Background

The ATSICPP was developed to:

  • ensure that the value of culture to the safety and wellbeing of Aboriginal and Torres Strait Islander children is embedded in policy and practice;
  • recognise and protect the rights of Aboriginal and Torres Strait Islander children, family and communities in child welfare matters;
  • increase the level of self-determination of Aboriginal and Torres Strait Islander peoples in child welfare matters;
  • reduce the over-representation of Aboriginal and Torres Strait Islander children in child protection systems (SNAICC 2017).

In accordance with the ATSICPP, all state, territory and federal governments have recognised the right of Aboriginal and Torres Strait Islander children to be raised in their own culture and the importance of these children maintaining connections to their family, community and culture (DSS 2018). The ATSICPP is comprised of 5 core elements as shown in Figure 1.

Figure 1: The 5 core elements of the Aboriginal and Torres Strait Islander Child Placement Principle (ATSICPP)

The diagram is an illustration of the 5 core elements of the ATSICPP (Prevention, Partnership, Placement, Participation and Connection), with a representative icon and a short description of each element.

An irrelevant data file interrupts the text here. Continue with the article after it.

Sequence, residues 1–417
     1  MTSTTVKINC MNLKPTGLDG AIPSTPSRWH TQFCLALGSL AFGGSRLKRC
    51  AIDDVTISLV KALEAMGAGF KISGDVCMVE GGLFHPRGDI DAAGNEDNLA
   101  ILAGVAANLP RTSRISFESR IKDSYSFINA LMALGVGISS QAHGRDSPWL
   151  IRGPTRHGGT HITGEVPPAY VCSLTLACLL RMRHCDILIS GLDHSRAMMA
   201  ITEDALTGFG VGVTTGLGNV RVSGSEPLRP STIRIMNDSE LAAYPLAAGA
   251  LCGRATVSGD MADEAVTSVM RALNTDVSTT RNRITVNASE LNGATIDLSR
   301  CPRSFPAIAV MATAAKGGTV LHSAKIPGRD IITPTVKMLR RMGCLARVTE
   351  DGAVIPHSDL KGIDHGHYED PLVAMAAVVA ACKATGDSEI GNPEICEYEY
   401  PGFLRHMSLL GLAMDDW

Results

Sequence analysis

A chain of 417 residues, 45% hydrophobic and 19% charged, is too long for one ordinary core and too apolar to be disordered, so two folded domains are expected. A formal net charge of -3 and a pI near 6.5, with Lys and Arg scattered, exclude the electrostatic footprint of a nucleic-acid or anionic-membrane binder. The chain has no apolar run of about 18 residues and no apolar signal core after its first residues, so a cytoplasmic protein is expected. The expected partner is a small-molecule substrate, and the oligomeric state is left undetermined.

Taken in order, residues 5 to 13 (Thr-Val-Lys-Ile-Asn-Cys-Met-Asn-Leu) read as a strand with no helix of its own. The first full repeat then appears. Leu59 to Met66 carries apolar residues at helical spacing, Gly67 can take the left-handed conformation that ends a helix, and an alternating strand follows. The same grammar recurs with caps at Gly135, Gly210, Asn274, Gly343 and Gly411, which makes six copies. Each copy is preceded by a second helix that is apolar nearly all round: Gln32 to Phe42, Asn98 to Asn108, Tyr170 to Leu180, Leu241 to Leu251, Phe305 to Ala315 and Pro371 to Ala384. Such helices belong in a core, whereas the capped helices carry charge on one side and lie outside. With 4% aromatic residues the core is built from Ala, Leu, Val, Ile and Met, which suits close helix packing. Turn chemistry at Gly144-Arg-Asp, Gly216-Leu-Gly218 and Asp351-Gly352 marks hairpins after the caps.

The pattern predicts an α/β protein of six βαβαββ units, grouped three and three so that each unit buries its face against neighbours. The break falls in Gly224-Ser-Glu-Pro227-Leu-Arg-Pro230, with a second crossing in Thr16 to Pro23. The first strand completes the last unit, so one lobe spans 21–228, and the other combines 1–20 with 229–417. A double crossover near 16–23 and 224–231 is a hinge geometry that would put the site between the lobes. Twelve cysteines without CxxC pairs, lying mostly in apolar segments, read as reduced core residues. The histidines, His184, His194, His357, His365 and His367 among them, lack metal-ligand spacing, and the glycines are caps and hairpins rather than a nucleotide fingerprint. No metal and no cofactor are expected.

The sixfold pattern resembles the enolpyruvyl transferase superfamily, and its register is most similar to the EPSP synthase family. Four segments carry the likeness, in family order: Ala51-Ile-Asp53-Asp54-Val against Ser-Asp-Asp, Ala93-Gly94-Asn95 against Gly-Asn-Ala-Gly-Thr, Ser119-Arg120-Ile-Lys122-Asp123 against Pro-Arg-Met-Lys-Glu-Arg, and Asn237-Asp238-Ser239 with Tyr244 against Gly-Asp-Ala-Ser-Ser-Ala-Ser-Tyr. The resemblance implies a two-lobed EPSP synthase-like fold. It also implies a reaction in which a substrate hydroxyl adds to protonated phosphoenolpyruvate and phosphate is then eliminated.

Source: SNAICC (2017). Reproduced with permission.

This report brings together the latest state and territory data on 5 indicators that measure the application of the Placement and Connection elements of the ATSICPP. Indicators relating to the remaining 3 elements of the ATSICPP (Prevention, Partnership and Participation) are planned for reporting in future through data development.

The 5 elements of the ATSICPP are all equally important in the implementation of the Aboriginal and Torres Strait Islander Child Placement Principle. In interpreting the data contained within this report, it is critical to understand the complex interdependencies between the 5 elements. For example, the placement of children in accordance with the established ATSICPP hierarchy is supported and enabled through the participation of Aboriginal and Torres Strait Islander families in child protection decision-making; so that they are involved in the identification of culturally connected placements.

References

DSS (Department of Social Services) 2018. Department of Social Services National Framework for Protecting Australia’s Children – Fourth Three Year Action Plan 2018–2020. Canberra: DSS.

SNAICC – National Voice for our Children 2017. Understanding and applying the Aboriginal and Torres Strait Islander Child Placement Principle: a resource for legislation, policy, and program development. Melbourne: SNAICC.